Jack Lisowski has revealed he was forced to get a restraining order against an obsessed snooker stalker.
There is an intense spotlight on player safety and security at the Crucible after the Just Stop Oil protest on Monday saw activists invade the arena – with one covering a table in orange powder.
And world No13 Lisowski’s experiences - and with one fan above all – serve as a reminder to the sport of the darker side of being a celebrity.
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Initially Lisowski’s former management tried to protect and shield ‘Jackpot’, known for his fast and fluent style at the table – until it became clear further action was required.
Things came to a head four years ago, with police and lawyers involved in Germany where the fan was based, and security aware of the situation at UK tournaments.
At venues such as the Barnsley Metrodome wristbands were issued despite free entry to try and identify the individual.
Lisowski, who takes on Anthony McGill on Saturday in the last 16, said: “In snooker you get some people… it just attracts all sorts of people that watch you and maybe don’t know the boundaries. Not everyone thinks the same.
“It was an interesting period I had, and some very strange things happened to me. I had this one person – but a few players have had it, and worse I think.
“I was talking to Stephen Hendry about it, and he had some things in the past. Judd Trump has had some.
“Some fans just think differently. In terms of the worst moment… just all of it made me feel pretty creeped-out and uncomfortable.
“Emails, social media, in person – everything, and it was all a bit much. But that is part of it I suppose. You play snooker and go on the TV, and some brains out there work differently.
“In my case it went legal over in Germany and the police got involved. But it got sorted in the end.
“That one is over, but maybe if you are in the public eye and on television, it can happen to people in their careers. It’s not ideal, you wouldn’t want it, but you have to roll with those punches.
“I am just trying to win matches and titles, and doing my best to block anything else out. It can happen in sport, and it is just weird when it does.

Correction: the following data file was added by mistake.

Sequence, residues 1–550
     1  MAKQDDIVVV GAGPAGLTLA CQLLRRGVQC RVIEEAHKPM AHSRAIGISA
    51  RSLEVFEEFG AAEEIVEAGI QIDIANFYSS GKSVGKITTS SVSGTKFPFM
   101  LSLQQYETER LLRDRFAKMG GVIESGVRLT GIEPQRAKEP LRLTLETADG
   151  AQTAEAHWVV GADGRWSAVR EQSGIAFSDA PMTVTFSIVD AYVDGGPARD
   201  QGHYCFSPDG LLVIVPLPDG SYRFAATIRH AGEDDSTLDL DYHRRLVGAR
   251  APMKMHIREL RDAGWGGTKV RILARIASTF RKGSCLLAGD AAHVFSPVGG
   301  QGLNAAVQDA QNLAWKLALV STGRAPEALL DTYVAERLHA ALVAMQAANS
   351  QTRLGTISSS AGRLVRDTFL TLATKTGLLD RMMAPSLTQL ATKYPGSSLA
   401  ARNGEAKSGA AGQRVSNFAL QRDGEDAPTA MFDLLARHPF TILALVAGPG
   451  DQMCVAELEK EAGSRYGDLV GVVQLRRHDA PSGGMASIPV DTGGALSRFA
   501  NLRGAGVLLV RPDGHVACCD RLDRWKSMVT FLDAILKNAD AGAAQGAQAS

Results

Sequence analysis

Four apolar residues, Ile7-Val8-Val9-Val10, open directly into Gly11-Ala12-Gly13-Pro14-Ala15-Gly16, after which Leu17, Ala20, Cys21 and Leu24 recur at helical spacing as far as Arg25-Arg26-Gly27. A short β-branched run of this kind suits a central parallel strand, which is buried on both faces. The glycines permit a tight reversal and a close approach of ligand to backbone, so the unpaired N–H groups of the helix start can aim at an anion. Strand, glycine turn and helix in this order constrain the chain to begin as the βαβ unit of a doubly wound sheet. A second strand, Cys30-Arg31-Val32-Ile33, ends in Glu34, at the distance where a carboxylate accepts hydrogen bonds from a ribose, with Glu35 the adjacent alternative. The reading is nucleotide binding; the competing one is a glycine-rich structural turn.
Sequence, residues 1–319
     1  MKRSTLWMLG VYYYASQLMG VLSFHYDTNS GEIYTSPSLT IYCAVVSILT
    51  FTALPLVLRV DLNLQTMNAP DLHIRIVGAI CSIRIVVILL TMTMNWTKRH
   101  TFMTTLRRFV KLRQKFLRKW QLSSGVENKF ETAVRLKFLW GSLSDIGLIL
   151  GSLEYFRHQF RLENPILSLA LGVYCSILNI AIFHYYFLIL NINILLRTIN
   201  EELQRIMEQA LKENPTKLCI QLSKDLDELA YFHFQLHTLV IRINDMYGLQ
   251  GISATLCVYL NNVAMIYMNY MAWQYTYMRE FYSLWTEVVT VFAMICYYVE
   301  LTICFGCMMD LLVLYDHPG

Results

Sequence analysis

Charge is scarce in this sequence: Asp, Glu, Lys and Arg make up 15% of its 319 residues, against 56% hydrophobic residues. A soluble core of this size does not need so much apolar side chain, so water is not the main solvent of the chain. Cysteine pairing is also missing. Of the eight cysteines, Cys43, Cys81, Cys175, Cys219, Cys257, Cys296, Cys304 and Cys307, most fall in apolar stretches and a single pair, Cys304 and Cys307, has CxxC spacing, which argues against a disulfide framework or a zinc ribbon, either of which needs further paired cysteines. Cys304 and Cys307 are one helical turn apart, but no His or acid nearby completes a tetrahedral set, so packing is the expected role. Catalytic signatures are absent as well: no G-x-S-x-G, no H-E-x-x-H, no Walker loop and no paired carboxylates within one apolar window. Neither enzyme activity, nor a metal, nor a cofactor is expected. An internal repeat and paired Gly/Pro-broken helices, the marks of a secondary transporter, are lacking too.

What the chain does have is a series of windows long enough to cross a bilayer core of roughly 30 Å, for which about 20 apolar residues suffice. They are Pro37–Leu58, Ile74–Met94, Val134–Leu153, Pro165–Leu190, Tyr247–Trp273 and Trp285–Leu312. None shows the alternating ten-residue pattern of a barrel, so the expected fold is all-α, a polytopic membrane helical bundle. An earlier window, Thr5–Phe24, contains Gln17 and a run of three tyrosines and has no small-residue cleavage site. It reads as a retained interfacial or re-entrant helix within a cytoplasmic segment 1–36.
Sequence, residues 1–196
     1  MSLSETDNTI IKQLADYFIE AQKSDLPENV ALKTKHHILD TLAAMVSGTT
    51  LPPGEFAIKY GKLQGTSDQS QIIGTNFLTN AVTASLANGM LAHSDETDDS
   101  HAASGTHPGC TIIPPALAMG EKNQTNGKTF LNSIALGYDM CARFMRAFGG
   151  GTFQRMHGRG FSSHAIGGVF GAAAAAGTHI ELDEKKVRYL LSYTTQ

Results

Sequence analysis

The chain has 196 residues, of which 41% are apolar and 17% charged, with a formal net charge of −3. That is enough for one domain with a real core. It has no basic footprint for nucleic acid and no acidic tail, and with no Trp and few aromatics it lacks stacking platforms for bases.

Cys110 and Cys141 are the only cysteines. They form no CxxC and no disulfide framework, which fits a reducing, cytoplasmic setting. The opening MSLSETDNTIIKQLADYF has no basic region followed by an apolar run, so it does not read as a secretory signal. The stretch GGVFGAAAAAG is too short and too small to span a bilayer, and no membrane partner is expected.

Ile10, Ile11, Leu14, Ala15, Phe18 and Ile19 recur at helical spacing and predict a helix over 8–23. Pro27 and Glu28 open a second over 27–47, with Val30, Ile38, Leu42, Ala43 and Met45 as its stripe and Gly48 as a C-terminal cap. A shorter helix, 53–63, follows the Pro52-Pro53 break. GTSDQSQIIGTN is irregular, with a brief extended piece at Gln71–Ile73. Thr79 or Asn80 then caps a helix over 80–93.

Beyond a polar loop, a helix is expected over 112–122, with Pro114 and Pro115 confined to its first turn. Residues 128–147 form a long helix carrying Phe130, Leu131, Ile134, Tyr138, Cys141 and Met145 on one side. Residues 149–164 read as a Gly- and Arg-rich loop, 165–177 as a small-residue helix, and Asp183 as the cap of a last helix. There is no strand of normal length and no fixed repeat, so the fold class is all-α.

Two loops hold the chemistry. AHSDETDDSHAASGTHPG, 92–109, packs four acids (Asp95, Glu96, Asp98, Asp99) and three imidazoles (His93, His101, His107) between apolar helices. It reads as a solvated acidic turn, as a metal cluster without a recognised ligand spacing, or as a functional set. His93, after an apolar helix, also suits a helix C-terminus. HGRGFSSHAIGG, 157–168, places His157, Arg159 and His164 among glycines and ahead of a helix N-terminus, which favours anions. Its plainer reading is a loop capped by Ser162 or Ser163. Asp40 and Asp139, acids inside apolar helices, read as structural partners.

“Weird things have happened to me, too weird, and I have had a few. But that was certainly one of them.”
Lisowski is still labouring under the unwanted tag of ‘best player never to win a ranking title’ having lost all six finals that he has reached.
And after getting his Crucible campaign up and running with a 10-7 first-round win against Noppon Saengkham, he could emulate Shaun Murphy in 2005 by making that first major success on the biggest stage.
Lisowski, who keeps knocking on the door and made three semi-finals earlier this season, added: “It is my seventh time at the Crucible now.
“I am getting more used to it, but it is always exciting coming here. Last year was a good run for me getting to the quarter-finals so it would be good to match or better that this time.
“I was able to experience more of this venue than ever and I would love another really good go at it this year, and just see what happens.
“You also know it can be all over quickly with even one very bad session. I agree with that some top players have been saying about no one playing out of their skins over the campaign.
“It has been one of the strangest seasons in many ways. Neil Robertson has been ill for a few tournaments and missed a couple, I can’t remember the last time he didn’t win a title.
“Ronnie O’Sullivan won the big one in Hong Kong and the Champion of Champions, but not done so well in the ranking tournaments.
“But for the worlds, generally the top players show up and there are signs of that for a lot of them in the first round. For me, the dream is still on.
“And if it all clicks I believe I am capable of winning it and I don’t think I could have said that this time last year.”
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